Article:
- Don’t agree to any offer for which you have to pay a “registration” or “shipping” fee to get a prize or a gift.
- Research offers with your consumer protection agency or state Attorney General’s office before you agree to send money.
- Beware of offers to “help” you recover money you have already lost. Callers that say they are law enforcement officers who will help you get your money back “for a fee” are scammers.
- Report any caller who is rude or abusive, even if you already sent them money. They’ll want more. Call 1-877-FTC-HELP or visit ftc.gov/complaint.
What to do about pre-recorded calls
If you answer the phone and hear a recorded message instead of a live person, it’s a robocall. Recorded messages that are trying to sell you something are generally illegal unless you have given the company written permission to call you.
If you get a robocall:
- Hang up the phone. Don’t press 1 to speak to a live operator or any other key to take your number off the list. If you respond by pressing any number, it will probably just lead to more robocalls.
- Consider asking your phone company whether they charge for blocking phone numbers. Remember that telemarketers change Caller ID information easily and often, so it might not be worth paying a fee to block a number that will change.
- Report your experience to the FTC online or by calling 1-888-382-1222.
If you get phone service through the internet or cable, you might want to look into services that screen and block robocalls. Try doing an online search for “block robocalls.”
Tagged with: do not call, phone, scam, and telemarketing
Every year, thousands of people lose money to telephone scams — from a few dollars to their life savings. Scammers will say anything to cheat people out of money. Some seem very friendly — calling you by your first name, making small talk, and asking about your family. They may claim to work for a company you trust, or they may send mail.
If you get a call from someone you don’t know who is trying to sell you something you hadn’t planned to buy, say “No thanks.” And, if they pressure you about giving up personal information — like your credit card or Social Security number — it’s likely a scam. Hang up and report it to the Federal Trade Commission.
Each year seniors lose millions of dollars to phone scams keep the following in mind so you don’t become a victim
- If you get a call saying you’re a winner – don’t pay any money to collect supposed sweepstakes winnings. Legitimate operations won’t require you to pay to collect your winnings.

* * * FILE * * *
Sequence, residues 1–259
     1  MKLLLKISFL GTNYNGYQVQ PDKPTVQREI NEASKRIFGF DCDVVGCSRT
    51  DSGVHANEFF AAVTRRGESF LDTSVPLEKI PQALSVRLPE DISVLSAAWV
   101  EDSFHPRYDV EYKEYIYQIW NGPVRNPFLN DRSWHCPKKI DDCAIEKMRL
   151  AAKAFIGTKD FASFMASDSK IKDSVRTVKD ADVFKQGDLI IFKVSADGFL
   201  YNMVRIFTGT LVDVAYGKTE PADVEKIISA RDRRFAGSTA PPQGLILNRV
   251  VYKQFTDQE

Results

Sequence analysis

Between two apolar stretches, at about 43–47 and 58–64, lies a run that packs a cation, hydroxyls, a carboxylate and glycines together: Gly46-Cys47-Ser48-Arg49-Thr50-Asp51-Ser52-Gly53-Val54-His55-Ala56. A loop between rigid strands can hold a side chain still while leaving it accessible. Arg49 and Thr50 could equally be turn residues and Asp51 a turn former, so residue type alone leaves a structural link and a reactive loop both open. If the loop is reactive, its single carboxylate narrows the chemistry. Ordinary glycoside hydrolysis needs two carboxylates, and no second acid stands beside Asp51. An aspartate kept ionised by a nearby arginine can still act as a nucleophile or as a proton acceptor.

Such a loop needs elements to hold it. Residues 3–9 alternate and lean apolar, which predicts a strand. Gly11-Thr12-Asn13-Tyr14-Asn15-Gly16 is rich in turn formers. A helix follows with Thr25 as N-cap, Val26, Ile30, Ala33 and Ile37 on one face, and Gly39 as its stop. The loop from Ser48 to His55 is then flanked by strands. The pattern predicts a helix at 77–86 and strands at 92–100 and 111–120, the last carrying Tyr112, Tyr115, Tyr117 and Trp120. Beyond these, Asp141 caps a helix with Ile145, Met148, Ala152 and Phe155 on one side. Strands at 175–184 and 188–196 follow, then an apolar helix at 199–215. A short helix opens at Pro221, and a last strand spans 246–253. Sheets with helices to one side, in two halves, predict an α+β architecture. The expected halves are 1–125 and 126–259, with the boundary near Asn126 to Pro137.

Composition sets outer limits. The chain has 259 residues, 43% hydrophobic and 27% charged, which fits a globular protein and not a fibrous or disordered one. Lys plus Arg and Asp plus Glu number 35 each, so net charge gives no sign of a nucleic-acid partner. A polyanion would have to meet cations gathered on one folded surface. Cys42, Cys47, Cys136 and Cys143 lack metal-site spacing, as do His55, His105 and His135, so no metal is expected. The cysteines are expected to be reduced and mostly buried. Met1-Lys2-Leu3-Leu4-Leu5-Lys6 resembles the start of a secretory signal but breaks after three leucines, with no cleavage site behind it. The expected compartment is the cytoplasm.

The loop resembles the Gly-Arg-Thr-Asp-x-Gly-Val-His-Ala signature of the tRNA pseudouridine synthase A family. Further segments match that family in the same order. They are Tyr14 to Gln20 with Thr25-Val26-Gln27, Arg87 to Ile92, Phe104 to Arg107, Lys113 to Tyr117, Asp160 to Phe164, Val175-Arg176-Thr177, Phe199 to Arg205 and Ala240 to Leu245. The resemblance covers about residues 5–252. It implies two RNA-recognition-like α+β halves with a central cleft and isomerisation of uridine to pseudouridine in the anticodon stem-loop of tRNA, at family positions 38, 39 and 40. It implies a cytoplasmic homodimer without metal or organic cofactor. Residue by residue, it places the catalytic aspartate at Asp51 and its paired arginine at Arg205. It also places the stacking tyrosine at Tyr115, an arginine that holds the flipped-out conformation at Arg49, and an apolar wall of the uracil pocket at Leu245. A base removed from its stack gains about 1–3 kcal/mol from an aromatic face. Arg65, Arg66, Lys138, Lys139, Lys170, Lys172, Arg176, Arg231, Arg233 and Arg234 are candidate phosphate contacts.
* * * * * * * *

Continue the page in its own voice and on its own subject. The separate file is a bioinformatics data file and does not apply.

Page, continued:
- It’s against federal law to play a foreign lottery – so if you get a call it is likely a scam.
- Never wire money to anyone with whom you are not familiar.
- Never provide anyone with personal information such as bank accounts, pin numbers or Social Security numbers.
- Check any unfamiliar area codes before returning calls.
- Be aware that there are many 3-digit area codes that connect callers to international telephone numbers – especially 876.
- If you do not have Caller ID, consider adding it to your phone service. Caller ID allows you to add a Call Intercept feature that screens calls and offers the option to reject suspicious international calls.
- If you do not make international calls, ask your telephone provider to block outgoing international calls.
- Contact your local authorities to report a phone scam; however, the smartest thing to do is hang up the phone.
This past year the Delaware State Police have been made aware of unsolicited phone calls being received by members of the community, from individuals claiming to be with the IRS. The scam involves a person calling claiming the victim owes money to the IRS and it must be paid promptly. If the victim refuses, they are threatened with arrest, deportation, or suspension of their driver’s license, amongst other things. In the most recent phone calls, the individual requests the victim send money in the form of an iTunes card.
Note that the IRS will never:
Call to demand immediate payment, nor will the agency call about taxes owed without first having mailed you a bill.
Demand that you pay taxes without giving you the opportunity to question or appeal the amount they say you owe.
Require you to use a specific payment method for your taxes, such as a prepaid debit card.
Ask for credit or debit card numbers over the phone.
Threaten to bring in local police or other law-enforcement groups to have you arrested for not paying.
**This information was provided through the IRS website located at http://www.irs.gov/uac/Tax-Scams-Consumer-Alerts
Many of these scams are difficult to investigate. They will target persons of all age groups. The Delaware State Police is asking citizens to remember the tips previously mentioned in order to not become a victim of one of these scam artists.
If you suspect you have been a victim of this scam, please contact your local law enforcement agency. Information may also be provided by calling Delaware crime stoppers at 1-800-TIP-3333 or via the internet at http://www.delaware.crimestoppersweb.com